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'Is the NHS turning its staff into people who are failing to care for each other?'


Ever watched that film Groundhog Day? The one where Bill Murray wakes up every morning and relives the same day?

Sometimes writing about the NHS is a bit like that – nursing workforce shortages, winter pressures and workplace bullying.

We have done a lot of work at Nursing Times to encourage nurses and other healthcare staff to be able to speak out about concerns at work and how they affect the safety and quality of care.

Our award-winning Speak out Safely campaign, launched in 2013, urged nurses to raise concerns, and employers to support them to do so.

Coming on the back of the Francis report, it was released at something of a zeitgeist for openness and transparency in the NHS, and we heard from thousands of staff who felt it chimed with their experience of the challenges they had faced at work.

Subsequently, the Freedom to Speak up Guardians were set up with the intention to help support those ambitions and create a culture where people were able to share their views.

I have heard a lot of positive things about that work, and about individual initiatives at trusts that will inspire and stimulate healthcare workers to raise anxieties. Many leaders have also thought creatively about ways to encourage their staff to speak up.

But it seems all this is still not enough. This week, we have heard from a review at Arrowe Park Hospital, run by Wirral University Teaching Hospitals Foundation Trust. It states that the hospital has been plagued by a culture of nurses undermining colleagues, aggressively challenging decisions and withholding information.

While this sort of poor behaviour among nursing colleagues is something we have heard of before, I was shocked to read about some of the findings at Arrowe Park. For example, the way staff were allocated to each area in the emergency department deliberately isolated and punished people, setting up less experienced staff to fail by putting them in teams with less capacity.

Nursing is a profession that should – and often does – pride itself on compassion and empathy. So why does it keep finding itself in this situation?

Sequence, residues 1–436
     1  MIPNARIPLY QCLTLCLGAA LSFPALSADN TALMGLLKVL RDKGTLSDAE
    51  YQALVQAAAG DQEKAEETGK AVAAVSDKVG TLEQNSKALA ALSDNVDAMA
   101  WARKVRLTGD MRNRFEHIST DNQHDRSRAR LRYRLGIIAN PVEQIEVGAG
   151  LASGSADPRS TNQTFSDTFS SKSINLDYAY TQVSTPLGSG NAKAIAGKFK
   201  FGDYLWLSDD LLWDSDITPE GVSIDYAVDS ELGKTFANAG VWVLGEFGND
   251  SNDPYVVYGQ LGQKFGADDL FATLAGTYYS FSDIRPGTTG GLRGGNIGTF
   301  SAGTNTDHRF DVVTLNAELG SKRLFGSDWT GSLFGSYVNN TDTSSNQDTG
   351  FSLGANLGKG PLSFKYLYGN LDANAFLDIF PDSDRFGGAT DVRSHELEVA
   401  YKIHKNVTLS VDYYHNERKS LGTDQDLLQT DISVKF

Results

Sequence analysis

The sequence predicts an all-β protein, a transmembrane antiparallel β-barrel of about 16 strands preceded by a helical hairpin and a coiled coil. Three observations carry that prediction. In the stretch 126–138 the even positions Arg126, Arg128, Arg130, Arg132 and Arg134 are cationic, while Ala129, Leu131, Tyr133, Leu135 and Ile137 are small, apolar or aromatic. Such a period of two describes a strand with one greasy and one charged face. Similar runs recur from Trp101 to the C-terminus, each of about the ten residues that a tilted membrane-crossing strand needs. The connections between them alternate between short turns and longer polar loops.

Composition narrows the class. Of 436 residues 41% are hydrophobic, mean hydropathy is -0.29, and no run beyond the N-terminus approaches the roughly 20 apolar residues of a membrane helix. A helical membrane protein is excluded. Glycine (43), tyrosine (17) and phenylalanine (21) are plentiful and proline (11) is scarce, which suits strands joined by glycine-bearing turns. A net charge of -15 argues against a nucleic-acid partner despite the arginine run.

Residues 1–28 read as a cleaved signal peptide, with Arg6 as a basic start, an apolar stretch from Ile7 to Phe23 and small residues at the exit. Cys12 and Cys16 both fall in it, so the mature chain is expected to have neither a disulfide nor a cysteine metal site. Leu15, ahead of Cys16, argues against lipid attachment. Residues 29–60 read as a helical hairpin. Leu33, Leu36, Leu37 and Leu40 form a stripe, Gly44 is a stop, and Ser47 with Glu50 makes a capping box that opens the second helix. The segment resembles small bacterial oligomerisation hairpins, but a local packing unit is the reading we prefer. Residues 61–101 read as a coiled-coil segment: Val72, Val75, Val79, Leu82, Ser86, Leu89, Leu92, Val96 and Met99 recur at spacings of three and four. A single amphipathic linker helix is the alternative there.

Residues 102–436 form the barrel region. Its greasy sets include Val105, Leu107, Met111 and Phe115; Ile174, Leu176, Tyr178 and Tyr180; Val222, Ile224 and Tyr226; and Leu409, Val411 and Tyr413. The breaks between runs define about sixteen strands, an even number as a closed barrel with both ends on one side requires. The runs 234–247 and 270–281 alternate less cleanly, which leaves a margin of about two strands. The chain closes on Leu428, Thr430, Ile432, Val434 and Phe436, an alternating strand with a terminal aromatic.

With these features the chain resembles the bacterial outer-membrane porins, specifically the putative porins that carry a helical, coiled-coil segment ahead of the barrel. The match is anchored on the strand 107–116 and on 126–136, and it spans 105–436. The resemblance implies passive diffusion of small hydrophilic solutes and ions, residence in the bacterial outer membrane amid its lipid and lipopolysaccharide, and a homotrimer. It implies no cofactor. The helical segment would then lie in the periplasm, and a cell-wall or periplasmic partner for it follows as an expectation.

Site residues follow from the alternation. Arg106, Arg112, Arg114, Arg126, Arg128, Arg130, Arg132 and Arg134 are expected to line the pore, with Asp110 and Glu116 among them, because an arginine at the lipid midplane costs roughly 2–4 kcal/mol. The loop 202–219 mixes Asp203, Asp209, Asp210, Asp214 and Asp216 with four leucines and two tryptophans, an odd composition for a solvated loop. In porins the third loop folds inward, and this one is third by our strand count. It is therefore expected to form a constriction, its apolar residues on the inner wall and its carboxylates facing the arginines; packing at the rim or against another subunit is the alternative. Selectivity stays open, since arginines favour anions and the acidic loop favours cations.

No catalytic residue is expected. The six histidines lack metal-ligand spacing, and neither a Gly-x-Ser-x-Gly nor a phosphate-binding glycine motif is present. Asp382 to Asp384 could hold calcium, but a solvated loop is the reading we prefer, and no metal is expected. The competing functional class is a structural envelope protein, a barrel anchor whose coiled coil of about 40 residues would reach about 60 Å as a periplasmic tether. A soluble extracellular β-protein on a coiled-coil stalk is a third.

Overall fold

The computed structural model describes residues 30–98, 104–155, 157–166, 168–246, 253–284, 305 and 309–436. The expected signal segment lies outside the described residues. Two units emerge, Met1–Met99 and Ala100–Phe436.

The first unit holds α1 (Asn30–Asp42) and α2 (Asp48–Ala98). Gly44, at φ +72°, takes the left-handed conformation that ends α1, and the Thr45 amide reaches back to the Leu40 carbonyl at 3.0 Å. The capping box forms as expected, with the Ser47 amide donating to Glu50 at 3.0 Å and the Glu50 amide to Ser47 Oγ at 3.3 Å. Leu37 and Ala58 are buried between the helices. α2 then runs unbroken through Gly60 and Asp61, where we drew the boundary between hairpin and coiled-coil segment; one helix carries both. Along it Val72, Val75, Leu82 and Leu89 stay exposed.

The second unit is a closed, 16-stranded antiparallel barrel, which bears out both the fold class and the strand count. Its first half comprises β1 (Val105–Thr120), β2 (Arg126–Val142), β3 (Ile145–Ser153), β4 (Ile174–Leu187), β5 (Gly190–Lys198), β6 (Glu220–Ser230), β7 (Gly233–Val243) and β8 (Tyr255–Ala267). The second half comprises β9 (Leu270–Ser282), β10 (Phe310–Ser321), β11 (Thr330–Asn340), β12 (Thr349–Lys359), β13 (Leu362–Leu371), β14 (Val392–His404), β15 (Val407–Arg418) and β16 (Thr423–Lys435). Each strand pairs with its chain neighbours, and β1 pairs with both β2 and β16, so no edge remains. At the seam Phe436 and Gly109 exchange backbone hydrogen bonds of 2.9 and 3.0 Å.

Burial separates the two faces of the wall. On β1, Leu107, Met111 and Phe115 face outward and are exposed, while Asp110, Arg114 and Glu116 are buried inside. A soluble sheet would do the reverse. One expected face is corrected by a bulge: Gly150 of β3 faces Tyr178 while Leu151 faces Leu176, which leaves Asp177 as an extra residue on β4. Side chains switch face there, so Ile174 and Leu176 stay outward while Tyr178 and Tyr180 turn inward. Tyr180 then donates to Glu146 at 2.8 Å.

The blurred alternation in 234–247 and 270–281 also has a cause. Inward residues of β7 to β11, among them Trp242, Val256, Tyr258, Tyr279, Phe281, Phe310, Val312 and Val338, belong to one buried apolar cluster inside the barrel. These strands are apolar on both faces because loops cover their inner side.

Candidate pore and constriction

Are we recruiting people with the wrong values in the first place or creating clinicians with the wrong values, by putting them in a system that fundamentally rinses out the behaviours we want to see in our NHS staff?

Have high-pressure, time-poor, financially under-resourced circumstances created an environment where staff are so driven to meet targets that they forget about caring for each other – and patients?

What makes clinicians behave in a way that sounds at odds with their professional codes of conduct? What makes “good” people do “bad” things – or ignore bad things happening around them?

I want to believe that it is indeed the system that is corrupting and changing people. But by admitting that, I feel uncomfortable. Is the NHS turning its staff into people who are failing to care for each other, and as a result putting their patients at risk?

Our story about Arrowe Park attracted a lot of attention from readers, who expressed familiarity with such behaviour and said it was common in parts of their organisations.

Health and social care secretary Jeremy Hunt has publicly advocated speaking out for many years – and it is under his reign that the Freedom to Speak Up Guardians have been established.

So why is it not working in some trusts, while it is successful in others? Why is there such variation in the cultures within organisations, where some wards vary greatly from others just a few metres away in the same building? What more can employers do to listen to their staff and encourage them to nurture their teams and hear their anxieties?

How can we transform parts of the NHS from a bullying culture to one where all staff are supported and cared for?

As it starts its 70th anniversary year, what will make our NHS a better employer, and a safer provider of care? Because something is sick in the health service – and there currently seems to be no cure. 


Readers' comments (10)

  • Having worked in the NHS since 1989 I have not seen a single bully brought to task. The opposite seems to happen, they are moved to another area and seem to climb the promotion ladder with ease. Many of the bullies are in senior positions and as they are being seen to get the job done, nobody more senior wants to discipline them. Consequently the ones being bullied choose to move. I am being bullied by my Clinical Director, my line manager is aware, my colleagues all recognise her behaviour. However I have been in the NHS long enough to know it is pointless to rattle the cage as she is seen in a very positive light by the Executive team. We too have speak up guardians and one brave soul used this route to escalate to escalate the CD's behaviour. The result was the bully had a meeting with her line manager who was very dismissive of the allegations made and said it sounded like someone with a grudge. She continues her bullying behaviour secure in the knowledge she is teflon!

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  • Why? I think this is a multi faceted issue which exists not only in nursing but across British Society. We are living in a hierarchical blame culture that isolates individuals in a 'me-me' consumer capitalist society. Instead of a socialist society working together, learning together for the benefit of all.